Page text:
Jill Hagenkord, MD, is a board-certified pathologist with subspecialty boards in molecular genetic pathology. As Chief Medical Officer, Jill is involved in health product strategy, identification and evaluation of strategic business partnerships, regulatory strategy, health information review, and the development of provider and patient support tools. She also serves as the company liaison to medical professional societies as an active member in the Association for Molecular Pathology, the College of American Pathologists, American College of Medical Genetics and Genomics, and the National Academies of Science, Engineering, and Medicine’s Roundtable on Genomics and Precision Health. Jill received her M.D. from Stanford University School of Medicine in 1999, did residency training at the University of California at San Francisco and the University of Iowa, and completed fellowships at the University of Pittsburgh Medical Center. Subsequently, Dr. Hagenkord practiced pathology at Creighton University Medical Center where she founded iKaryo Diagnostics. Prior to joining Color, Jill was the Chief Medical Officer at 23andMe, Invitae, and Complete Genomics.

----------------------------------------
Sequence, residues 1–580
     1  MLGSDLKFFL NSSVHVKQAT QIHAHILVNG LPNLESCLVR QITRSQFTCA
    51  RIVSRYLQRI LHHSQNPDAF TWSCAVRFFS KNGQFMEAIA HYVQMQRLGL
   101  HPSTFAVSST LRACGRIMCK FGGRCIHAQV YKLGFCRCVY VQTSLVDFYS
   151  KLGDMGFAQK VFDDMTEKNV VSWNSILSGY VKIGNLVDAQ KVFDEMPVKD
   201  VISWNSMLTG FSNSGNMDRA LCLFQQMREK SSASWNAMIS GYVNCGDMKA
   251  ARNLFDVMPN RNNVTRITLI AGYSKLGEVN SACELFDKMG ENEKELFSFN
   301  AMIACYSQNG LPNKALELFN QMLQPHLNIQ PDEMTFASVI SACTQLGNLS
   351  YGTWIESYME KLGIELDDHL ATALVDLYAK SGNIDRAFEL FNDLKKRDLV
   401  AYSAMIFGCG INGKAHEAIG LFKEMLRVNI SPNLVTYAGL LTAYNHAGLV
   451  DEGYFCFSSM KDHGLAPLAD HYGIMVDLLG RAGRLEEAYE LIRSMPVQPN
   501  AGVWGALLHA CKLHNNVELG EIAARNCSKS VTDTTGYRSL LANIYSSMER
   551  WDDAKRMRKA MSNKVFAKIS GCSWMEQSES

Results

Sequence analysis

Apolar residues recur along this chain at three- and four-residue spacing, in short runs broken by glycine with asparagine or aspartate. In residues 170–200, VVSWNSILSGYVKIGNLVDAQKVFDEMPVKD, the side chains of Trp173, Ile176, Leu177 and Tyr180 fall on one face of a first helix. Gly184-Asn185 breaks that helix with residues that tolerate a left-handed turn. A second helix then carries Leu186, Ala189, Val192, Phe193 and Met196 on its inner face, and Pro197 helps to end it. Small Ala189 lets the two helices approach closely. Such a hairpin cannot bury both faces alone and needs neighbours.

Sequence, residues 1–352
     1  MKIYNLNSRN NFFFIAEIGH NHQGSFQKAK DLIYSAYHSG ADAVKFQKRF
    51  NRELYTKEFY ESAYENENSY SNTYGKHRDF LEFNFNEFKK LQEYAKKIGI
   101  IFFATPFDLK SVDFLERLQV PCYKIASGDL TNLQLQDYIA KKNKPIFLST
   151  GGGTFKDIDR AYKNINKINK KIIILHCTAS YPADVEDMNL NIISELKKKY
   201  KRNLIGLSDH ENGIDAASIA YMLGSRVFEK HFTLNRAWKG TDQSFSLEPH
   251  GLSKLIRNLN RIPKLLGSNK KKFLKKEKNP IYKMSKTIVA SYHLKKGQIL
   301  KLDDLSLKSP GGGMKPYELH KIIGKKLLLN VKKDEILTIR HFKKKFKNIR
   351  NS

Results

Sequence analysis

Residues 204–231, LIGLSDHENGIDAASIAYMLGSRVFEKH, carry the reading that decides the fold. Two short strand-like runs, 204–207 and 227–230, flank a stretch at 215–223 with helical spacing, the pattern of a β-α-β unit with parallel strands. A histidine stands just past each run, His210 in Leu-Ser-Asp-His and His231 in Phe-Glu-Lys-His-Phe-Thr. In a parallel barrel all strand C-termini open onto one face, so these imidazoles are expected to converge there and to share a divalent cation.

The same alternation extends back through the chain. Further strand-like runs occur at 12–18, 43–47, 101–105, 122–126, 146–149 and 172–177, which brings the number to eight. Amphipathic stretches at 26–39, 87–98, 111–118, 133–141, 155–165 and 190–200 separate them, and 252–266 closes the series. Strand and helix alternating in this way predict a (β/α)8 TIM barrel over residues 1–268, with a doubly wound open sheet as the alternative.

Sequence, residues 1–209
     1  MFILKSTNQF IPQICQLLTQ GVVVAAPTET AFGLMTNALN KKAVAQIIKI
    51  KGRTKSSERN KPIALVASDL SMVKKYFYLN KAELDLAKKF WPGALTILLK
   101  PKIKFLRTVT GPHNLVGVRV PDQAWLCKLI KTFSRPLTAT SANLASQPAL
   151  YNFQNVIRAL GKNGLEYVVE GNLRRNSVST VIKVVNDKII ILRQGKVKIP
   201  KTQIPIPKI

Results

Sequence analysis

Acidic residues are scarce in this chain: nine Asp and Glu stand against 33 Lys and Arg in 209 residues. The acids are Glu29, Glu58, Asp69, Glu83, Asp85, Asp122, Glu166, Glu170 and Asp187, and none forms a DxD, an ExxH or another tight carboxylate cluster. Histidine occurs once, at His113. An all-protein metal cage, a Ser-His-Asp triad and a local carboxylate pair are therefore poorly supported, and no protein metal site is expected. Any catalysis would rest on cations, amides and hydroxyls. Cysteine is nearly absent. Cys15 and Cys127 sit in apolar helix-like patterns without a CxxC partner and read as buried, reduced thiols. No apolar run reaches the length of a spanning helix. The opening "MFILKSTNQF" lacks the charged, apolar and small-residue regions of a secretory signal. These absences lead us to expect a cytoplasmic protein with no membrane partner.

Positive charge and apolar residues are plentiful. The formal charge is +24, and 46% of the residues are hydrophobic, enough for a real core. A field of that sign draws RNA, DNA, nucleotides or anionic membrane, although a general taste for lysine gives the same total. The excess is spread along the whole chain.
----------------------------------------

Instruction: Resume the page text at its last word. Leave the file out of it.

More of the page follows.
Ingrid A. Holm, MD, MPH, is a faculty member of the Division of Genetics and Genomics at Boston Children’s Hospital (BCH) and Associate Professor of Pediatrics at Harvard Medical School. Dr. Holm’s primary area of research is in the Ethical, Legal, and Social Implications (ELSI) of returning genomic information to children and parents. She is co-investigator in the “Genomic Sequencing and Newborn Screening Disorders” U19 (BabySeq project), a randomized trial of whole exome sequencing vs. standard of care in healthy and sick newborns. The BabySeq Project explores the medical, behavioral, and economic impacts of integrating genomic sequencing into the care of newborns. Dr. Holm co-leads the ELSI component to study the impact of the return of genomic results to parents and their health care providers. Dr. Holm is also co-investigator of the Electronic Medical Records and Genomics (eMERGE) III Network where she co-leads the Return of Results-ELSI Work Group, and she has an R01 to study the impact of return of actionable genetic information on eMERGE participants to their health care providers. Dr. Holm is co-PI of a study of exome sequencing in children with disorders of sex development and leads assessments of the impact of the return of results on families. She is a co-investigator of the Undiagnosed Diseases Network (UDN) Coordinating Center and the UDN Harvard Clinical site. Dr. Holm is also funded by PCORI (Patient Centered Outcomes Research Institute) to develop self-phenotyping methods for patients with undiagnosed diseases. Dr. Holm is a member of the Society for Pediatric Research, a Fellow in the American College of Medical Genetics, and a member of BCH IRB.